Book Review: If This Is Social Studies, Why Isn’t It Boring?

By Holly Meisel

Good question, I responded to myself after eyeing the title of this professional book on the table. Why do I always hear from students how boring their Social Studies class is? Worksheet upon worksheet, test upon test; the clock cannot move fast enough! While the Math teacher is incorporating fun games and puzzles into her lessons, and the science teacher is working diligently on the next fun lab experiment, the social studies teacher is in the copy room, running off more worksheets. Sure, some teachers do have fun games and cute acronyms to remember dates, events, important people, but in the end are the students experiencing true learning? It depends on the teacher and how well they make the necessary connections of this new information to their lives. The authors of this book – each chapter is written by a different author – all have a common theme, and that is the human factor – putting the people back into history. Jean Fritz’s autobiography, Homesick, has a pointed description of American History textbooks, “I skimmed through the pages, but I couldn’t find any mention of people at all. There was talk about dates and square miles and cultivation and population growth and immigration and the Western movement, but it was as if the forests had laid down and given way to farmland without anyone being brave or scared or tired or sad, without babies being born, without people dying.” (1982, p. 153, p. 4)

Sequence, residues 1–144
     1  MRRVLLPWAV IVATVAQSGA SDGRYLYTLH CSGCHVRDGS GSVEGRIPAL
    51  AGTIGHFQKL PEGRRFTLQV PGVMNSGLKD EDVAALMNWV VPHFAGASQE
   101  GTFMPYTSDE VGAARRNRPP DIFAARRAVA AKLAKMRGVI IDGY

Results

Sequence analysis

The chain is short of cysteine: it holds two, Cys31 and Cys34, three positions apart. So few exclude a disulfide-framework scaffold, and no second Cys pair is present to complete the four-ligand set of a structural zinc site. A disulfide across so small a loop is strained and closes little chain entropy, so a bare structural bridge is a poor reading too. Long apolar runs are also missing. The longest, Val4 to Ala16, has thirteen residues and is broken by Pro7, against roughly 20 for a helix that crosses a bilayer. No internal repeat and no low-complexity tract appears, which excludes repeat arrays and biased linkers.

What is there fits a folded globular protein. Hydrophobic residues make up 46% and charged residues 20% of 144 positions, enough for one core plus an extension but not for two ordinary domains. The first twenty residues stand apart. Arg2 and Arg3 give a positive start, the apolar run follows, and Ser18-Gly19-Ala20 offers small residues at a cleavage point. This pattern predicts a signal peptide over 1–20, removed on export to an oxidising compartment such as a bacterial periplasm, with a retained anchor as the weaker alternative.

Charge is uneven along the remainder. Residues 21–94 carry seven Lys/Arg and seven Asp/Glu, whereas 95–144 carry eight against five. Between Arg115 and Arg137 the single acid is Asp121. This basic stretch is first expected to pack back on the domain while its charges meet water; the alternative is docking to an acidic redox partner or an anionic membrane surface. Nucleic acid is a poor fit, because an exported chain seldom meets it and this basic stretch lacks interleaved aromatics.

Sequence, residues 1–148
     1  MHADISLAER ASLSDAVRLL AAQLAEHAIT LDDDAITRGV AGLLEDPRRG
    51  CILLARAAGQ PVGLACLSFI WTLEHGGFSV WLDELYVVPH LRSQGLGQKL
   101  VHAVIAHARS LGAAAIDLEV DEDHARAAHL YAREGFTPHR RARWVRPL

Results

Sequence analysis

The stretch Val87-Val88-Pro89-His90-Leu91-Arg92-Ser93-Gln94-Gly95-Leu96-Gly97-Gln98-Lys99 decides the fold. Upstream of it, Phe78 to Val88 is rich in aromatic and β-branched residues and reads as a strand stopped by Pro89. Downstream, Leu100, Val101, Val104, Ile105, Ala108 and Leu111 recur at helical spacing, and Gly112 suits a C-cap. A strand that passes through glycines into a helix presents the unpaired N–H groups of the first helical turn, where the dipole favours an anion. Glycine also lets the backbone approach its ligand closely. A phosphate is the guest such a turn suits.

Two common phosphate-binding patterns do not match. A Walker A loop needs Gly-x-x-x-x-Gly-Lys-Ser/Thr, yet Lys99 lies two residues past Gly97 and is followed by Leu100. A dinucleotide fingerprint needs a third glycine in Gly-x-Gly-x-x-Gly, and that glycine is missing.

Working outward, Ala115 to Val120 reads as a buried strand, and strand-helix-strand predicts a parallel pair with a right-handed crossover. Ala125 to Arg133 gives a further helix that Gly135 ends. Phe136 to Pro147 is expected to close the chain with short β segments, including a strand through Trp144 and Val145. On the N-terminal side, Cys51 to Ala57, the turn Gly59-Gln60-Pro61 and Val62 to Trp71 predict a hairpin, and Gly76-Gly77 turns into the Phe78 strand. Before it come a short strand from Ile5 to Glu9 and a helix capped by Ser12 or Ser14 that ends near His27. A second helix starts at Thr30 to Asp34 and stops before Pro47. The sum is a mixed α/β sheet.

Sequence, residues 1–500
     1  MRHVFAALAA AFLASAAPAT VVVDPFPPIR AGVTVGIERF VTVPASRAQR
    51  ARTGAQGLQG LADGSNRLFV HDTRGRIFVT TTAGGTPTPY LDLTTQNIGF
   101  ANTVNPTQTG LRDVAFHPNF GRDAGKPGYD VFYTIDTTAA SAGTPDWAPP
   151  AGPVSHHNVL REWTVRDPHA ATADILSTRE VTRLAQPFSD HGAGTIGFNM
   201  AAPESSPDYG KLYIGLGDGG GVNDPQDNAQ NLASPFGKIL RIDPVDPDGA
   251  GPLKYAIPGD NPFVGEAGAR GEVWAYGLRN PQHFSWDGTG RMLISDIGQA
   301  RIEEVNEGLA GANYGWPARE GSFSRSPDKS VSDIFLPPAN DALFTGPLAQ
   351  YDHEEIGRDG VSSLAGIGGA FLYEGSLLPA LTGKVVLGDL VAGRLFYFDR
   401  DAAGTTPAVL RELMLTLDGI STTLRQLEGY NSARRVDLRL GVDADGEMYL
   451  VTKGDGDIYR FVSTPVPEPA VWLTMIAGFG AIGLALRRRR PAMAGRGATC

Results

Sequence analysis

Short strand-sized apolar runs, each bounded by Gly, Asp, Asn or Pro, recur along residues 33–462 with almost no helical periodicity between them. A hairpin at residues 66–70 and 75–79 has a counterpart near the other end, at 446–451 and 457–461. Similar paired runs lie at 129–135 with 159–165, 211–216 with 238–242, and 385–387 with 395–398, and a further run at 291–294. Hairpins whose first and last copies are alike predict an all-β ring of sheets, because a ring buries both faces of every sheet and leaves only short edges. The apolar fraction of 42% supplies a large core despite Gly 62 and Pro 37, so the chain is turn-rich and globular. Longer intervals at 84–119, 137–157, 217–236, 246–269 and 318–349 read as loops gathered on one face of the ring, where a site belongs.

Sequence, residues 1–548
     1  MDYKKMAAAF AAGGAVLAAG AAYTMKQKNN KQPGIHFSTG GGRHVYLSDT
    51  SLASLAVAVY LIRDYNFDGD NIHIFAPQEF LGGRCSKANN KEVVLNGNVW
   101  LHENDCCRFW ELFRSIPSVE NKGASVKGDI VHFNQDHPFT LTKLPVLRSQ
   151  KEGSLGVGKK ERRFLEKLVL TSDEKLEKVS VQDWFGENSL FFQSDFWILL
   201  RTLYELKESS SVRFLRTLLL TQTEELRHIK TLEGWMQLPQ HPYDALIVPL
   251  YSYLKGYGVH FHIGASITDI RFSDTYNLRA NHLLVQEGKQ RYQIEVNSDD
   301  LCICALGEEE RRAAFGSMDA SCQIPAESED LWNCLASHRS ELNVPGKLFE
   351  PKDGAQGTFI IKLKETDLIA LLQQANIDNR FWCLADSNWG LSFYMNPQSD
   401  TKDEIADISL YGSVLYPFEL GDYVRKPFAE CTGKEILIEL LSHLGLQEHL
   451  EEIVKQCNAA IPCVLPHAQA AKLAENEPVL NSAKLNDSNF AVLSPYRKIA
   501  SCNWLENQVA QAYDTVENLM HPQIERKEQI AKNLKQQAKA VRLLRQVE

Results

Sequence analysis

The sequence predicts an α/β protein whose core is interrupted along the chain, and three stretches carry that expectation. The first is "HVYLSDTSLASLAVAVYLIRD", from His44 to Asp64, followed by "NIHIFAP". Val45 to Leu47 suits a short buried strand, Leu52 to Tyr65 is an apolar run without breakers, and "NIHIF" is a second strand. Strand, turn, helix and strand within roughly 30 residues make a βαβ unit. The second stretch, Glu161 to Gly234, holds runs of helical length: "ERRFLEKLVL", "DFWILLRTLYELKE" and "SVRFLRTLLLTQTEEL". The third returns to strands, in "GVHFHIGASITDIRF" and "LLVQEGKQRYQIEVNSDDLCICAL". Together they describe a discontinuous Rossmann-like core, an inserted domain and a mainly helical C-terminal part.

It is the people who are missing. Incorporating literature that is filled with historical information as seen through the eyes of the characters is one effective way to bring people back to history. For example, if you are studying The Great Depression, the book No Promises in the Wind is a great novel to read. Instead of being a time period with a set of dates, it is now also a conflict in the lives of three boys and their families. This book helps students become more aware of how the Great Depression affected them personally. Going outside the classroom – conducting interviews with people who lived through certain periods in more recent American History, is another way to bring people into history along with Inquiry projects that target research on the people of that particular time period. Guest speakers who live locally but are from other parts of the world provide excellent learning connections for our students. History could have personal meaning for our students if we changed our focus from lifeless names, dates, generals, battles, etc. to the people themselves of any particular time period.

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